As Leslie Dach, a top Wal-Mart executive, put: "It is really a Walmart approach to solving a problem.... The size and scale of this company can be put to use to make a real difference in the world."

That's no doubt a good thing. Better, as one of my sources told me, to improve practices at 10,000 factories around the world than simply to make WMT's operations more efficient. "Sensational" was how Fred Krupp, the president of Environmental Defense Fund, described it, during a lovefest with Walmart CEO Mike Duke, which was webcast on Treehugger, of all places.

Duke praised EDF, saying: "Our NGO partners have pushed us and been patient with us."

Krupp returned the favor. EDF has planted two staffers in Bentonville, Arkansas, to work closely with WMT, and he said: "I don't think there's any better money we are spending anywhere."

Specifics about how the carbon reduction effort would work were few, understandably so since it is new. "This is uncharted waters," said Elizabeth Sturcken of EDF. (Here is her excellent analysis, with some detail on initiatives in packaging and around dairy products.) Right now, there's little data available to measure the carbon impacts of the products that Wal-Mart sells, particularly if you want to include how they are made, shipped, used and thrown away, as WMT does.

Walmart said it would start with the products that have the most "embedded carbon" and seek GHG reductions that are "economically viable." The company has already had success getting suppliers to use smaller packages, from concentrated detergents to lighter-weight DVD cases.

Walmart itself, though, wants to get bigger. Duke was straightforward about this. "We are a growth company," he said. "We want to add square footage. That's the reality of our business."

Critics are unsatisfied. Here's reaction from Stacy Mitchell, a senior researcher with the New Rules Project, a program of the Institute for Local Self-Reliance:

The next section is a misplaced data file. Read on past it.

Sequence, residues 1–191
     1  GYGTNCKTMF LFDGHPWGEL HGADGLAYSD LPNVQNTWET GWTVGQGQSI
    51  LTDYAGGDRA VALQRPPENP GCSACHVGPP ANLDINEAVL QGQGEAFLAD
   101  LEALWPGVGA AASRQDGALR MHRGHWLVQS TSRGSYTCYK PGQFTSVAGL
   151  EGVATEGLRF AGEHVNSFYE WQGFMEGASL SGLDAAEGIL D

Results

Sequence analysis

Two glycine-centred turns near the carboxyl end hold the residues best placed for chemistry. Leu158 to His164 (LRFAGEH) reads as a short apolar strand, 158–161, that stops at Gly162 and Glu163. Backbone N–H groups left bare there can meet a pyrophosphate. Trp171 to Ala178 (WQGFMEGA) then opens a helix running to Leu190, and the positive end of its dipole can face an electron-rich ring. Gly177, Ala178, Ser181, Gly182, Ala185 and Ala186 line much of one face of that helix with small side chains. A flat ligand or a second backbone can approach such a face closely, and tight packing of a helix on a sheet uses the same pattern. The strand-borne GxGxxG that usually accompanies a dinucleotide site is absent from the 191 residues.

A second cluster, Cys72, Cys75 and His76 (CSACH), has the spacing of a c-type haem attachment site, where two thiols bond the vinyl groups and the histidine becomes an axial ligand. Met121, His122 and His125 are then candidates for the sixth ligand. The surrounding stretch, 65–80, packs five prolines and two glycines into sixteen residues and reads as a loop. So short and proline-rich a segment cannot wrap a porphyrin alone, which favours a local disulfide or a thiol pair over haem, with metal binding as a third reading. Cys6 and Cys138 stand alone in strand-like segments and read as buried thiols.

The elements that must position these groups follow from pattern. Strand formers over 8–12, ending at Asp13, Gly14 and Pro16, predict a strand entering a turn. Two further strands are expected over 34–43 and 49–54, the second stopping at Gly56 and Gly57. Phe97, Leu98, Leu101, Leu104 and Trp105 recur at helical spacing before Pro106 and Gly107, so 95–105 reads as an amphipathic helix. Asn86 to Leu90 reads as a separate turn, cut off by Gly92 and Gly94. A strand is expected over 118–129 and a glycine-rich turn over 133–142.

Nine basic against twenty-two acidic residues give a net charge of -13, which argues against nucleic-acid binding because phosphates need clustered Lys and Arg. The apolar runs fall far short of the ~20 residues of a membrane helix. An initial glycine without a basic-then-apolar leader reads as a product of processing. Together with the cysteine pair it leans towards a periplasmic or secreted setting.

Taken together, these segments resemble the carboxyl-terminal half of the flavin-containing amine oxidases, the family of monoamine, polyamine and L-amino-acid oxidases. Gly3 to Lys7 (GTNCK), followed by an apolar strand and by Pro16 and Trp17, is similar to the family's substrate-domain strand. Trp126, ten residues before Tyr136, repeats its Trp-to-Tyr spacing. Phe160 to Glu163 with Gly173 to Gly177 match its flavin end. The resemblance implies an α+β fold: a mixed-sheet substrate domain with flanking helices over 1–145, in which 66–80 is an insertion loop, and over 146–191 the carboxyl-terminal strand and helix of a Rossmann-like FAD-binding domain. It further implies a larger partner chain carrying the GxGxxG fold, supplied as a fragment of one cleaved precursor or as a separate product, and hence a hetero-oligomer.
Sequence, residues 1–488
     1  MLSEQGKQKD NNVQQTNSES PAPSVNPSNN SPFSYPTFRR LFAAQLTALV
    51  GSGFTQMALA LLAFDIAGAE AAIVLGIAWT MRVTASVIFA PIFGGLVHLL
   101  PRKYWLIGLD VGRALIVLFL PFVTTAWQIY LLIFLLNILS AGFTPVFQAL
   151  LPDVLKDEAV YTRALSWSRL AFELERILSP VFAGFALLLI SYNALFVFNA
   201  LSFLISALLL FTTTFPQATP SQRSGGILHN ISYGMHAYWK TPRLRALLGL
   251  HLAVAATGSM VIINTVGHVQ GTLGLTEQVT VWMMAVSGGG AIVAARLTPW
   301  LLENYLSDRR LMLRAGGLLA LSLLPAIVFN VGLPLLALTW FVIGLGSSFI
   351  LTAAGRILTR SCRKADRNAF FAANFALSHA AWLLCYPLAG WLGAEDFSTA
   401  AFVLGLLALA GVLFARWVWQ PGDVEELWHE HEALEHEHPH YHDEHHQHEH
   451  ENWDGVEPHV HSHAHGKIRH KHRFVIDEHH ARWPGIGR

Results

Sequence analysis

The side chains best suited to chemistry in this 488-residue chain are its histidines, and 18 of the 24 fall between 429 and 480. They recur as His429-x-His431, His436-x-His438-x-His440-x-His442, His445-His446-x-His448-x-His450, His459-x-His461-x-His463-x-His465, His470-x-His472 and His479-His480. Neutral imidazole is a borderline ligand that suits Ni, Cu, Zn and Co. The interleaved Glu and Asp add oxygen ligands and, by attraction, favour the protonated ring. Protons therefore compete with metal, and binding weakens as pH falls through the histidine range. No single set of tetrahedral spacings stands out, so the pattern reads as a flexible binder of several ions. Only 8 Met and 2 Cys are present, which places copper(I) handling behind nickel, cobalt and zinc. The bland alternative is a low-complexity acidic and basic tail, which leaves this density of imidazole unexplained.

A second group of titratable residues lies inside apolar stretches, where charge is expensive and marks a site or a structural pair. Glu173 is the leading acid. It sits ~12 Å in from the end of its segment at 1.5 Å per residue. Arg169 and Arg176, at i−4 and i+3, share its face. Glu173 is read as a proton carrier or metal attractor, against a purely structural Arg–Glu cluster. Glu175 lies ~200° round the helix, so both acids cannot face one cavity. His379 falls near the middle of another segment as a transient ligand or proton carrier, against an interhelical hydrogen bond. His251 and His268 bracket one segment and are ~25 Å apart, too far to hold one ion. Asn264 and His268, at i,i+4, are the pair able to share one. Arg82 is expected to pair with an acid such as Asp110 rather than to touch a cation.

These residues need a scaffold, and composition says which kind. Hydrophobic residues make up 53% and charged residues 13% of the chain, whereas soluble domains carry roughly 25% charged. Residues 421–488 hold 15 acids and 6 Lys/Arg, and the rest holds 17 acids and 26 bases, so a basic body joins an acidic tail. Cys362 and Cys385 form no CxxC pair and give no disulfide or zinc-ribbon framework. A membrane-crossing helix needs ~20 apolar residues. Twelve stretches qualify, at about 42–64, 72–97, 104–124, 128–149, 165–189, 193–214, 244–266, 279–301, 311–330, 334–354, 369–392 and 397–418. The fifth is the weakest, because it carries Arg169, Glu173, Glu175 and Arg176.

By focusing on suppliers, Wal-Mart continues to deflect attention from the enormous greenhouse gas implications of its own business model. Wal-Mart is rapidly expanding in China, Mexico, and other countries, where it is destroying neighborhood businesses and replacing them with an auto-oriented form of big-box shopping that is highly polluting. Under Wal-Mart, local and regional systems of economic production and distribution are giving way to global supply chains, which almost invariably means longer distances and greater fuel consumption.

She's got a point, but the story is more complicated, for a couple of reasons. (Warning: geeky analysis ahead.) First, look at the graphic on the far right, above. Walmart is reducing its GHG emissions per unit of sales, meaning that it's more efficient. So, if its competitors are not doing as well in terms of efficiency, and if it takes market share away, then it's possible that WMT can sell more stuff and the planet will be better off. For example, if Walmart sells lots of Fair Trade coffee, and the locally-owned convenience store around the corner sells less conventional coffee, that's a good thing. Local isn't necessarily better.

Second, and paradoxically, Walmart is actually becoming more local. For example, Walmart has made a concerted effort to buy more from local farmers. Corby Kummer has a terrific article about this in the current Atlantic, in which he asks: Will Walmart and not Whole Foods save the Small Farm and Make America Healthy? The company, he reports, "wants to revive local economies and communities that lost out when agriculture became centralized in large states." Best quote in the story is from Michelle Harvey of EDF who says: "It's getting harder and harder to hate Walmart."

True enough. Nevertheless, in my ideal world, Walmart would set a cap on its own emissions, sell used goods as well as new, nudge people to buy vegetables instead of meat, and share profits with its workers. In today's world, Walmart will try to grow (profits) and shrink (pollution) at the same time. That's about all we can ask of a big company until we, collectively, can find a way to decouple economic growth from environmental harm. That's a job too big even for Walmart. Senior Writer Marc Gunther is a longtime journalist and speaker whose focus is business and sustainability. Marc maintains a blog at You can follow him on Twitter @marcGunther.